Dick Herfindahl: Remembering the fair and fun years passed

Published 8:54 pm Friday, August 9, 2019

Woods & Water by Dick Herfindahl


Now that the “six best days of summer” are behind us, it seems like summer will soon be bidding farewell for yet another season. Although I always embrace fall as my favorite season, summer seems as if it will be ending prematurely. I have always been one to accept change, sometimes begrudgingly, but the fact remains that change is inevitable. I have never been a fan of starting school two weeks early so the school year can end early. This has just never made sense to me and is especially so if you have a student athlete who is involved in spring sports or have someone in 4-H who makes it to the state fair with an animal or project. This is just my opinion, which is obviously not shared by anyone on the school board. They are our elected officials and I respect their choices.

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I have to admit this is the first year in a while that I did not make it to the fair for at least one day. The fact is the only time I have gone to the fair in recent years was when my grandsons were showing their 4-H projects. I also used this day to check out all of the different displays and of course, partake in some of the delicious fair food.

When I was a kid, I always looked forward to the fair. I was a big fan of the stock car races that were held at the fairgrounds on Friday nights. During the fair they usually held the stock car races during the day on Saturday. There were usually an extra number of participants on that day and it was an exciting time. Eventually the people that lived near the fairgrounds started to complain about the noise and the change that was inevitable finally came. I do believe the last stock car race that I attended during the fair was on the half-mile track and there was an accident in the northeast corner where a car went through the fence and ended up on Richway Drive. I believe this might have been what spelled the beginning of the end of racing at the fair.

In the next couple of years that followed they had midget car races, which were entertaining but a serious accident in a feature race pretty much sealed the deal and marked the end of racing anything that didn’t eat hay. They had harness racing for years after that, but even that eventually faded into oblivion as far as the fair goes. Harness racing is still going strong today at Running Aces and Casino and various county fairs throughout the state. It is a fun event to watch, although I haven’t attended one for many years.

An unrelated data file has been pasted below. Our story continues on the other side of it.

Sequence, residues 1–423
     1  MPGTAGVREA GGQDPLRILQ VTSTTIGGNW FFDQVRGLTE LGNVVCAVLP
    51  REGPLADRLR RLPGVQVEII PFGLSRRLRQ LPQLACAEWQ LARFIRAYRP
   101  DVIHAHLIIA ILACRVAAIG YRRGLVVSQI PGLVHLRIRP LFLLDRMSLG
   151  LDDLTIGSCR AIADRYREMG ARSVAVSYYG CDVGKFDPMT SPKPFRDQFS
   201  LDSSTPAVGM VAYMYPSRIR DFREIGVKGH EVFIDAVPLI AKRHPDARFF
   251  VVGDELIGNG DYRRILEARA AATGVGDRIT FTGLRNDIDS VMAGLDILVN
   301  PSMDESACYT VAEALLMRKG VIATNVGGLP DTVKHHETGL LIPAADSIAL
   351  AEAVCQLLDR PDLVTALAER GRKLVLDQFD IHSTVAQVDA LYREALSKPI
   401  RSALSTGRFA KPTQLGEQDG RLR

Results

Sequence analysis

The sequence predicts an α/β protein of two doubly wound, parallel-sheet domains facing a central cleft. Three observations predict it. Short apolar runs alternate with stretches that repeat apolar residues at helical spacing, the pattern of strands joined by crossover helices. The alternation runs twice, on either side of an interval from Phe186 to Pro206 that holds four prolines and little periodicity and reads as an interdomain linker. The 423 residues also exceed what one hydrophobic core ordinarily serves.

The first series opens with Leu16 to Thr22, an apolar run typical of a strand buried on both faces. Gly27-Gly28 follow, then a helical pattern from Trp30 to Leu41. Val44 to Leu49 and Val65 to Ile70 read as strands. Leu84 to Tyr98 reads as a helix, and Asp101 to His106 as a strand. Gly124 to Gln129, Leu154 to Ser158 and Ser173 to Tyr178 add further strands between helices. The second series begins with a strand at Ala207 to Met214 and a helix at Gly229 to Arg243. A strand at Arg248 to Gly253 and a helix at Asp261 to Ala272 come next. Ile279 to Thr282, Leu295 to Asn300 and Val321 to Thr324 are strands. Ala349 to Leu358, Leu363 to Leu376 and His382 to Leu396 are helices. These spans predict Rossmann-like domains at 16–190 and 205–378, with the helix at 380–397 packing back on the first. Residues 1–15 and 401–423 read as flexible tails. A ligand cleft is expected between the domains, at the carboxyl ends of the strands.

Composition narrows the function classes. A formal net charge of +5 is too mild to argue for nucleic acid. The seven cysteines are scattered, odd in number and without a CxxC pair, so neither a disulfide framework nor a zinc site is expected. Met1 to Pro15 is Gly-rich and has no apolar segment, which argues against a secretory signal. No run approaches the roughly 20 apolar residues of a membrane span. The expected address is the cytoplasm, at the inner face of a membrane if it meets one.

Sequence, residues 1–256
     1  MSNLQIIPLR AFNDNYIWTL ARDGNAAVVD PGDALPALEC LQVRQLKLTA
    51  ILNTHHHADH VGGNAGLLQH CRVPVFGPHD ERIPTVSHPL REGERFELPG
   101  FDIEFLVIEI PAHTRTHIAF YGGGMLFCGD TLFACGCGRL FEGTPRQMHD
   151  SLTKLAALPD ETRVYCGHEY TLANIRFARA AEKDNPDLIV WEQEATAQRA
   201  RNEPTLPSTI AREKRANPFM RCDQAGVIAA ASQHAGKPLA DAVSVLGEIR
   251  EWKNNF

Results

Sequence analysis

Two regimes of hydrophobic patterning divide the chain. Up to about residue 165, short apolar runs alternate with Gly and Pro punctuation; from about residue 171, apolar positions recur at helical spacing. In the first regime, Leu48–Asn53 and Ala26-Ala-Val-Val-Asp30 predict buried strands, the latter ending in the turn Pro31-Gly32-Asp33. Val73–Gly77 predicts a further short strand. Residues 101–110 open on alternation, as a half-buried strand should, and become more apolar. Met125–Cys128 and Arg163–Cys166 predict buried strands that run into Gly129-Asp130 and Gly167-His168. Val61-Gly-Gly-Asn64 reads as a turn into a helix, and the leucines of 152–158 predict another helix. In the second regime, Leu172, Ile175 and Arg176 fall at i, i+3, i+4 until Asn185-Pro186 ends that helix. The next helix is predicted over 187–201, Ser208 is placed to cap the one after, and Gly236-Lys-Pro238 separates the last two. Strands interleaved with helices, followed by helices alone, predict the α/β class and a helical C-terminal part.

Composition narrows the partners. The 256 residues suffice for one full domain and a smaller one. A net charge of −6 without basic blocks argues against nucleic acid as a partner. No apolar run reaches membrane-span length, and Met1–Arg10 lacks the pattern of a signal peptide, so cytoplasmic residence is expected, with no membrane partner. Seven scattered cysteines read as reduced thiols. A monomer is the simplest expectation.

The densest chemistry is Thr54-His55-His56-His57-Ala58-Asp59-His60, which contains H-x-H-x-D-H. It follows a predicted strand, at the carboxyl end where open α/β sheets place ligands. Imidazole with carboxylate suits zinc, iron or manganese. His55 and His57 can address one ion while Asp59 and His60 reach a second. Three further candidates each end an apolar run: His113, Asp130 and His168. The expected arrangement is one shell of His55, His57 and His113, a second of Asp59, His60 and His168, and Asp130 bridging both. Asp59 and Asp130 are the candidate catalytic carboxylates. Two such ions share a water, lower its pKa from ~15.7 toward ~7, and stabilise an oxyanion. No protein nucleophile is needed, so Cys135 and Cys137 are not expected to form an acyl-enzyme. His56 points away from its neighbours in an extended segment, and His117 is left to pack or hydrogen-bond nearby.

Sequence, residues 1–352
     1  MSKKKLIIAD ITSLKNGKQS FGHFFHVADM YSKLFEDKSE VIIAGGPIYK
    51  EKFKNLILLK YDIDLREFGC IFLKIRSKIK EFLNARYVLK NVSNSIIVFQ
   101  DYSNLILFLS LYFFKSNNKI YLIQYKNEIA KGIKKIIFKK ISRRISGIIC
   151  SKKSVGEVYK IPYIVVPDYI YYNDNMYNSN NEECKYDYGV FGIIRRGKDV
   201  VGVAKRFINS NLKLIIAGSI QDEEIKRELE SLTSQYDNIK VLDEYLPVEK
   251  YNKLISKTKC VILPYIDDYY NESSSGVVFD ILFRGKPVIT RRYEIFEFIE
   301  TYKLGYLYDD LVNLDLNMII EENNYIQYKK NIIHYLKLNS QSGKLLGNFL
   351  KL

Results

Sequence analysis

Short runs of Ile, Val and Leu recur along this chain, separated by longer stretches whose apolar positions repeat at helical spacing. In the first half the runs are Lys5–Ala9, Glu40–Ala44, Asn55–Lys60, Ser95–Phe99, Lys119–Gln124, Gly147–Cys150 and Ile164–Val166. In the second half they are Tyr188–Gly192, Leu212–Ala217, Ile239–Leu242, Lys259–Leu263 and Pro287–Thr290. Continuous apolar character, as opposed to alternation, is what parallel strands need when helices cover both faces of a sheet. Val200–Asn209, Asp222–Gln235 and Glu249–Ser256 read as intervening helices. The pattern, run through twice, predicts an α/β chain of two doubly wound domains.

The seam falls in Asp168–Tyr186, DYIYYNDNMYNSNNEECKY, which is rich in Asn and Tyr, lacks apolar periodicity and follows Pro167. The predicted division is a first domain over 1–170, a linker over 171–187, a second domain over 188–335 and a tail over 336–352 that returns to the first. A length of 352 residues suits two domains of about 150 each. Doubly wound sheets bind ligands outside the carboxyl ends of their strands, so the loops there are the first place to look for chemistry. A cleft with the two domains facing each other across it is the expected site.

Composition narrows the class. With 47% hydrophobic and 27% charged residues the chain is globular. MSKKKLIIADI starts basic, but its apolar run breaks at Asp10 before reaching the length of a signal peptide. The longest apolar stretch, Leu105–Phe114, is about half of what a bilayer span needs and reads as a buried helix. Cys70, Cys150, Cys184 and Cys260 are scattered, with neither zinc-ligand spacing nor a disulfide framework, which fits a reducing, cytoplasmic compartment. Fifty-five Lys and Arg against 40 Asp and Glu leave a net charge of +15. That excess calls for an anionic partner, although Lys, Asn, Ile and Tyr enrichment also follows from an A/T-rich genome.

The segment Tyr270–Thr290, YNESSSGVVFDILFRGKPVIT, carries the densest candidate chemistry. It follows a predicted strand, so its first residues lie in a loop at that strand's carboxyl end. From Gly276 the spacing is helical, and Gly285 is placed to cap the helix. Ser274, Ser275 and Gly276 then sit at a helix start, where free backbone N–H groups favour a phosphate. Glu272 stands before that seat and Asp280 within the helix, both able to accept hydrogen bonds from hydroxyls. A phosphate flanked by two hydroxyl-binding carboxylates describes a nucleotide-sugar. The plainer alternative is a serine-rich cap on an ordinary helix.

I grew up with a mom and dad (especially dad) who loved horses. I was probably sitting on a pony before I could walk. In looking back, I know my dad had visions of me riding horses with him as I grew older. Unfortunately, I never did have his interest in horses running in my blood. I loved playing cowboys as a young kid, but when it came to horseback riding I just never embraced it.

My sister Judy, on the other hand, was dad’s long awaited horse person as she showed horses in 4-H and did a lot of riding in local horse shows, which she had gotten into while I was away in the service. I was glad for my dad because he finally had his cowgirl to teach horsemanship to.

As I grew into my teens I would from time-to-time go riding with my friend Pat Smith and I actually kind of enjoyed it. My dad had two Tennessee Walker horses named Dole and Pedro. I could ride them both and whenever Pat and I would take them out for a ride, I wasn’t partial to either one because they were both good horses. In looking back, I have to say that I did learn a lot about horses and caring for them just by hanging out with my dad at the horse barn. Eventually we did do some riding together, which I know made him happy.

In looking back, I have to say I did spend my fair share of time picking myself up off the ground after getting thrown off of various horses. If I learned one life lesson from that, it was the old cliché that you have to get back on the horse that tossed you to let it know that you weren’t afraid. The only horse that threw me off more than once was my friend Pat Smith’s horse, which was named scout. The reason for his horses’ name was that he looked a lot like Tonto’s horse of the Lone Ranger Show fame. Whenever the fair was just around the corner, Pat would show up at my house on Scout and ask me if I wanted to ride with him to the fairgrounds to check things out. In a moment of weakness, I would agree, knowing full well that Scout was not a big fan of having someone ride double on his back. Once he had bucked me off and had established some ground rules, mainly, that he could shed me from his back whenever he wanted. Then, and only then, would he let me stay there. Even though he did let me stay on his back I seemed to have a few trust issues, which made me feel a little uneasy and probably brought a little horse faced smirk to his face. I did manage to survive my years as a horse jockey, of sorts, even though there were a few bumps and bruises along the way. In looking back, those were fun and carefree times where just the simplest of things were what really mattered.

Please remember to keep our troops in your prayers. We must not let ourselves forget those who are still putting themselves in harm’s way so we can enjoy all of the wonderful freedoms we have today.